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payroll

Payroll is not easy. Even with just a few employees, you must contend with many of the same payroll regulations and filing deadlines as a bigger business. And if you’re doing payroll by hand, it’s easy to make mistakes (and who wants to owe the government more money in penalties and fines?)

Every business with employees has to settle the payroll question: Do we hire someone to handle it in-house, or outsource the whole thing? Do we figure it out by hand, or try payroll software? Even among payroll software options, there are some major differences.

Payroll software can be divided into two types: programs that you physically install on your computer or online payroll software that you access from the Internet.

Standard payroll software is sold as a standalone product or traditionally as part of a larger accounting package that you simply install to one computer.

  • Each time you run payroll or use the program, you save your data to your hard drive.
  • You will need an Internet connection to periodically download tax table updates from your payroll software provider.
  • You’ll also need to go online (probably monthly) to make payroll tax deposits in the Electronic Federal Federal Taxpayer System (EFTPS).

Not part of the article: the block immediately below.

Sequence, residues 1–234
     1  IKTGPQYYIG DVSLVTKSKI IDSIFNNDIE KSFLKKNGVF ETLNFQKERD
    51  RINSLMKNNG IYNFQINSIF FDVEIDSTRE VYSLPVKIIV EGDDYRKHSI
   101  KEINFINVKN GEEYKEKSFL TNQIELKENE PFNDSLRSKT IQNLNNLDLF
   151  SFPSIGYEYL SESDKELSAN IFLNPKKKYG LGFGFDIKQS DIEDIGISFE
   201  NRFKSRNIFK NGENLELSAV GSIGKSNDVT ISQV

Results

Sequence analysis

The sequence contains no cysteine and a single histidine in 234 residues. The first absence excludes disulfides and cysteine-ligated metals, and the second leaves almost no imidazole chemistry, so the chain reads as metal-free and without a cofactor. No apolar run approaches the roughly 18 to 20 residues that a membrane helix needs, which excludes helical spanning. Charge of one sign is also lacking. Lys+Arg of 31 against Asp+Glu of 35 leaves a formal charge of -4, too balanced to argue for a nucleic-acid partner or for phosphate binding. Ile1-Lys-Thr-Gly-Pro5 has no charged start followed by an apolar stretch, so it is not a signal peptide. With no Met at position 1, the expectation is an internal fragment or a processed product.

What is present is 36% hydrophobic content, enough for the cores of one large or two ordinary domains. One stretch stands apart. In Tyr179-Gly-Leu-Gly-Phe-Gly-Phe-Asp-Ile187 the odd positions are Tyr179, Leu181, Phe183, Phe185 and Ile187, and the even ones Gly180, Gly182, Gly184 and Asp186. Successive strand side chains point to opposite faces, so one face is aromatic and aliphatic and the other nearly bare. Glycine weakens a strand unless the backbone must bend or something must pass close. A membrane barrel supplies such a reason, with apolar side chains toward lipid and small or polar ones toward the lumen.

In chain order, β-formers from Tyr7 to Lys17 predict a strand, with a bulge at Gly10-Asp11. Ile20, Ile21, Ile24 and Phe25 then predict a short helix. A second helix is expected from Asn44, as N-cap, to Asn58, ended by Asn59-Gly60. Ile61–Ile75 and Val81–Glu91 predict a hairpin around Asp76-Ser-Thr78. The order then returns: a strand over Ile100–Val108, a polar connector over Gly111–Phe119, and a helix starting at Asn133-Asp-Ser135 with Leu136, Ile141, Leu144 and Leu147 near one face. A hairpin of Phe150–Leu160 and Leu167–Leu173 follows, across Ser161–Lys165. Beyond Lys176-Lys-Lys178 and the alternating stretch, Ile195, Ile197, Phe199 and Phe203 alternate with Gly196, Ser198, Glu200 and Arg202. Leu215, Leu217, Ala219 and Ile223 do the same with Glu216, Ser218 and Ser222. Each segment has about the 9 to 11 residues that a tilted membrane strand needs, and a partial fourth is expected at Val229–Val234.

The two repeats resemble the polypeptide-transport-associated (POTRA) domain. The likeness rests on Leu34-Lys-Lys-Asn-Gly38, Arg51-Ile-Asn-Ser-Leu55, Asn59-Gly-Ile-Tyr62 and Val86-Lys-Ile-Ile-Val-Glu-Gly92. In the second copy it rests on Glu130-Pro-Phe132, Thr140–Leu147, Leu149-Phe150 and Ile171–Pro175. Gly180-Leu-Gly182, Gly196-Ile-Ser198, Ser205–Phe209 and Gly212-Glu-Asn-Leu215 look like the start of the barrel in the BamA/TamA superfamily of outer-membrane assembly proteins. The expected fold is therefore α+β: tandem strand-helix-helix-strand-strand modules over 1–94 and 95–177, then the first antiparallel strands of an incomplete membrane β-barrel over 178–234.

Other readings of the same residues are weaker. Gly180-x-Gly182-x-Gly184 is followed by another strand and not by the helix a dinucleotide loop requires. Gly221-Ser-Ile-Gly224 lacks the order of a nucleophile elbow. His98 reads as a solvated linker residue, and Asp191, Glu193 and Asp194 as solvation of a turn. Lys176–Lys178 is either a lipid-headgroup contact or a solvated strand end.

• With standard payroll software, you should also periodically backup your payroll data in the event of a power surge or equipment failure.

Online payroll software is a type of Software-as-a-Service (SaaS). You don’t physically own the software; instead, you log in to the provider’s secure website and use the service.

  • When you run payroll or other tasks, your data is not saved to your computer — instead, your data is stored to the cloud (basically, servers that the software provider either owns and maintains themselves or rents from another provider.)
  • With online payroll software, you don’t have to worry about losing your data in case of a power outage or a hard drive failure. Even if your computer crashes, you can still access your data from another computer. However, a major Internet outage can cause the software to be temporarily unavailable.